G.G. Naugle from his Service Station's 1936 Christmas Calendar (1936 Photo from S.H. Smith collections)
The Highway Bridge Service Station on the Lincoln Highway
Naugle’s Service Station in Stony Brook had perhaps the widest range of services and the most unique promotional giveaway of any garage on the Lincoln Highway.
Girardus G. Naugle opened a Service Station along the Lincoln Highway in York County during 1928. It grew rapidly to offer a host of services and quickly took the name “Highway Bridge Service Station.” Named for the humpback bridge, near his business, which elevated the roadway over the railroad tracks at the east end of Stony Brook in Springettsbury Township.
Naugle’s circa 1935 business card notes he not only provides gasoline and oil for your automobile, he also had tourist cabins, a lunch room, did machine designing, sold radios, and was a sales and service dealer for Taylor Cub airplanes. Definitely not your usual service station on the Lincoln Highway!
In 1889, Girardus Granville Naugle was born in Schuylkill County, PA. During 1908, he was married at Reading, Berks County. Girardus and Helen Naugle moved to York County a year later, after G. G. Naugle got a job with the Pullman Automobile Works. He became a motor mechanic at Pullman and worked there about five years, after which he became a machinist at American Chain & Cable Company.
In 1928, Girardus struck out on his own, opening the Service Station. In 1932, he became one of the early purchasers of the E2 Taylor Cub. That airplane was manufactured in Bradford, PA, and Girardus became a sales and service location for Taylor Cub aircraft in 1934; utilizing the grass field next to his Service Station as his flying field. In the 1936 photo, G.G. Naugle stands in front of his E2 Taylor Cub airplane.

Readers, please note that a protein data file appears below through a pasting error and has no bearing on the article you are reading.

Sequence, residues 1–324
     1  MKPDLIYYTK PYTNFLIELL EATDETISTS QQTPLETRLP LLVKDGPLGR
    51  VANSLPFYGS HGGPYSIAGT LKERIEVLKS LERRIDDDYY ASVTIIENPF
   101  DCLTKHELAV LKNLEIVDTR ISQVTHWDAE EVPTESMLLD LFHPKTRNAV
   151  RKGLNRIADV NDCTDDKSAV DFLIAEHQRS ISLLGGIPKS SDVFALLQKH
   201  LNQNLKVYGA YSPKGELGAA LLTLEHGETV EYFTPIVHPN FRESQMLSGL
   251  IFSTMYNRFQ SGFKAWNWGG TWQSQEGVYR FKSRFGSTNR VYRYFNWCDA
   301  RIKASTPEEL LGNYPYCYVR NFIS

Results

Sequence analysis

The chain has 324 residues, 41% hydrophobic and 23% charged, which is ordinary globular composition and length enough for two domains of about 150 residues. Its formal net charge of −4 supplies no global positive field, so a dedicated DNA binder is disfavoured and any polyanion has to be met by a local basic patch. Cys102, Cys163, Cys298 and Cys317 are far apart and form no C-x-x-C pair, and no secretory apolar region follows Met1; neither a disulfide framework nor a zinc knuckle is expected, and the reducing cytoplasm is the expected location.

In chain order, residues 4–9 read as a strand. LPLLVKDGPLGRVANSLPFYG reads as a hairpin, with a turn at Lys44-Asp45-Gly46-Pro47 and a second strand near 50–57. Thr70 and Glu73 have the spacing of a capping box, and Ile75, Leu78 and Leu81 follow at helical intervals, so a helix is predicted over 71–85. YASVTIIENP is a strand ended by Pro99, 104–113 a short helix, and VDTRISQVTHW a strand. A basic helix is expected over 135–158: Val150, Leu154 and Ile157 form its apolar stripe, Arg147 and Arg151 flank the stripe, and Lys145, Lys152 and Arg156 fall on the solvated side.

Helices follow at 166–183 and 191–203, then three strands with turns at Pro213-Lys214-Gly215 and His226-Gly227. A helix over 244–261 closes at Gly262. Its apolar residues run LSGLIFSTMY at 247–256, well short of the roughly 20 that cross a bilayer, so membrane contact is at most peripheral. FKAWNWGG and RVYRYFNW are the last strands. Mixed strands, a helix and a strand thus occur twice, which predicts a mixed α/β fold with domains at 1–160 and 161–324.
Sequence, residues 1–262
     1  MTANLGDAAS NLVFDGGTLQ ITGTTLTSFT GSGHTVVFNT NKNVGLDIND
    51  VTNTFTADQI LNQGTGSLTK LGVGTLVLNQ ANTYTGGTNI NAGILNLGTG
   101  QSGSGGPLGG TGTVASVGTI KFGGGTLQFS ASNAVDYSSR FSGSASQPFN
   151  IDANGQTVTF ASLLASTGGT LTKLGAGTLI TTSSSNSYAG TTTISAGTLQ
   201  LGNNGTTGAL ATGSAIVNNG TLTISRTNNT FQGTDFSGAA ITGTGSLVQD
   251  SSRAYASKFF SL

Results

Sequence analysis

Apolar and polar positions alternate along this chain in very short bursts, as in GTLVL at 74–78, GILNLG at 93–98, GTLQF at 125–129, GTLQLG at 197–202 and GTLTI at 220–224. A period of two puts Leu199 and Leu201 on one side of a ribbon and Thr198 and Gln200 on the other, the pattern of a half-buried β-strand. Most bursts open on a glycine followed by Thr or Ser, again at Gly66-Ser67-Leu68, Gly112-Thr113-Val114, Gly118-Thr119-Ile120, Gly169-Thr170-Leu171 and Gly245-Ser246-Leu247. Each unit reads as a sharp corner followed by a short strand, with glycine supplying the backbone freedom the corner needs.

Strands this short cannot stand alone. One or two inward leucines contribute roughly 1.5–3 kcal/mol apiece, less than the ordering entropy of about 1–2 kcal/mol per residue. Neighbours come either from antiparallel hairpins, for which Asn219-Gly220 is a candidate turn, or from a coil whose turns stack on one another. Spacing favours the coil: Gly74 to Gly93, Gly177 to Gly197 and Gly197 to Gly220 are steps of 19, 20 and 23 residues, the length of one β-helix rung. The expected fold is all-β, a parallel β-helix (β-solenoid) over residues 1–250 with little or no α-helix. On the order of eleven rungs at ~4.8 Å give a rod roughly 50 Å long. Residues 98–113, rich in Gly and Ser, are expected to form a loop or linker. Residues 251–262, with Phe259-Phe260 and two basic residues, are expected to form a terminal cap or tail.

Starting in 1934 an ongoing promotion of G. G. Naugle involved him issuing cards to Service Station customers. When his punches on the cards reached $15 of sales, Naugle would offer the customer a free airplane ride in his E2 Taylor Cub airplane, or the customer could opt for discounts on other services. Note that, back then, gasoline only cost 19-cents per gallon.
By the end of 1936, 203 customers had received their first airplane ride via this promotion. On the G G. Naugle Service Station’s December 1936 Christmas Calendar the names of those 203 customers are listed. That list is provided at the end of this post. Let me know if your parents or grandparents are included on that list.
Naugle owned and operated the Highway Bridge Service Station for ten years; until May 1, 1938, when he leased the Service Station part to Ira Newcomer, who continued to sell Richfield gasoline products. Naugle maintained the machine shop and aircraft hanger, which were separate buildings. He developed several innovations utilized in auto racing; then did sub-contract machining during WWII. In the 1940 Census he lists his occupation as Engineer.